by Niall Doherty

I’ve decided to make a few changes.

First, I’m killing my blogging schedule. I’ve published twice a week like clockwork for 3+ years now, and that’s plenty. I don’t know what I was trying to prove by sticking with it all this time. I’m long past the point where being faithful to a schedule was beneficial. Going forward I’ll commit only to publishing my fortnightly Momentos series and my monthly finance and traffic reports. Beyond those I’ll only post something when I feel like it.

Second, I’m pushing pause on the Foundations of Entrepreneurship series. My interview with Jen Gresham was the last for a while.

Third, I’ll be waving goodbye to my Sigma 6 income come January. That super-secret project has provided the bulk of my earnings for the past year, about $4k a month that’s been flowing passively into my bank account. Which sounds fantastic and everything, except it’s not a value-adding business that I can be proud of, I haven’t learned much in the way of solid business skills from it, and the easy money has weakened my initiative to go out and build a profitable business for myself. I was more than happy to live with those trade-offs for a while, but it’s gotten to the point now where I feel like I’m taking the piss. Resolving to drop it at the end of the year is a kick up the ass I sorely need.

I’ve also dropped a few other projects I was working on or was considering.

Why shake things up?

For the past several months I’ve been telling anyone who would listen that I’m eager to build a software business, having been inspired by the success stories coming out of The Foundation.

At the same time, I’ve been keeping myself very busy with everything but building a software business, spending significant time recording and editing interviews, writing blog posts, building mailing lists, responding to hundreds of emails, putting together a new book, and on and on and on.

Such activities are worthwhile and everything, but they’re not helping me get where I want to go. And it’s been tempting to stick with all those things because they fit this identity I’ve built up for myself the past three years, the identity of a lifestyle blogger (read: not a businessman).

Now it’s time to let that go. Because I can’t get there (businessman) from here (lifestyle blogger).

I need to blow up the old identity before I can create the new one.

Good enough isn’t good enough

These are big, scary changes for me. It’s so tempting to just continue on doing what I’ve been doing. After all, it’s been working out pretty good, right?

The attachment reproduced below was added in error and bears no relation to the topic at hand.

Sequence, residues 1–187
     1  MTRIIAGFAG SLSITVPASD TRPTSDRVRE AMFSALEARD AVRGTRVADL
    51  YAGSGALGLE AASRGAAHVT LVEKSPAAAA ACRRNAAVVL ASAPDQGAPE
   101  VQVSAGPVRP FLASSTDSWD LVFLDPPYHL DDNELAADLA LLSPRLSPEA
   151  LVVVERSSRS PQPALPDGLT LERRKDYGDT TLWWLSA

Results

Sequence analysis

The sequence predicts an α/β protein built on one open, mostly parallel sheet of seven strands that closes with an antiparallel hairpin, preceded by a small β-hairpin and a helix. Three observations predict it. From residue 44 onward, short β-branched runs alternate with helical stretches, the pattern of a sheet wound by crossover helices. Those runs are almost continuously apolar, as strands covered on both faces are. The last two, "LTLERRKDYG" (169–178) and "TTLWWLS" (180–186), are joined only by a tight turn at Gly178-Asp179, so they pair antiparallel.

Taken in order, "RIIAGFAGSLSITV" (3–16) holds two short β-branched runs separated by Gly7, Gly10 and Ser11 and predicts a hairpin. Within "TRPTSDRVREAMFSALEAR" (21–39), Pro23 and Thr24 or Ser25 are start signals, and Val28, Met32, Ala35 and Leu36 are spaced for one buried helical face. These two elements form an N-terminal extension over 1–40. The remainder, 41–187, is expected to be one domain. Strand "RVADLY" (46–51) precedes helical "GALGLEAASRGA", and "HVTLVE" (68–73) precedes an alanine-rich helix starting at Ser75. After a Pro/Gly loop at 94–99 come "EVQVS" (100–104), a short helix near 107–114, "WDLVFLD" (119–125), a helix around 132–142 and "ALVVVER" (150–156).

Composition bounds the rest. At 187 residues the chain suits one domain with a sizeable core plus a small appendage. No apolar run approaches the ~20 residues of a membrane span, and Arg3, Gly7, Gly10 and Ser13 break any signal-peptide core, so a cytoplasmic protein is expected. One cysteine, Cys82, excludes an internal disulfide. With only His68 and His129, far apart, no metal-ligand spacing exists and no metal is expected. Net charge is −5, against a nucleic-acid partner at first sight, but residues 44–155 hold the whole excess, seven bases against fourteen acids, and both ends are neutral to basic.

That “good enough” attitude is dangerous though. It’s the same one that keeps people stuck in decent jobs and ho-hum relationships.

Could be worse, they tell themselves, I should be thankful for what I have.

Yes, you should. But that’s no excuse to settle.

The way out is to hold nothing sacred. Be willing to blow everything up and redefine yourself. It sounds silly, but I held my blogging schedule sacred for three years. It was part of my identity, and it was hard to let it go. Nobody was making me stick to it, but I’d somehow come to view it as non-negotiable. Now I can see that I was hesitant to let it go because, more than anything else, it was safe and familiar. If I gave it up, I’d have one less excuse to avoid doing some scary new shit, like building a software business.

“Being busy is most often used as a guise for avoiding the few critically important but uncomfortable actions.” – Tim Ferriss

I’m pretty sure I’m not the only one who self-sabotages like this, busying myself with the familiar good at the expense of the unknown great. You’ve probably got something like that yourself. What is it?

Keep this in mind: Do what you’ve always done, and you’ll get what you’ve always gotten.

If this is resonating with you, have a read of these older articles of mine (yes, I’ve been through this before):

Around the world without flying

I should mention my RTW trip before wrapping this up. I’ve been traveling around the world without flying for two years now, and still have a couple of big oceans to cross before I can chalk it up as mission accomplished. Admittedly, I hold this journey more sacred than I should. It’s a huge part of my identity, something I take a lot of pride in. And I know that’s dangerous. I sometimes wonder if I’m sticking to it as an excuse to avoid doing other scary shit, as a handicap I can point to should I fail to succeed at other things, thus absolving me of responsibility (or so my brain would like to believe).

I’ve thought long and hard about that, and for now at least, I’ve decided to continue on. The trade-off is still worth it, and I like to think I’ll have the intelligence to drop it if at any point that ceases to be the case.

Comments are open. Let me know where you’re heading, and how you plan to get there from here.


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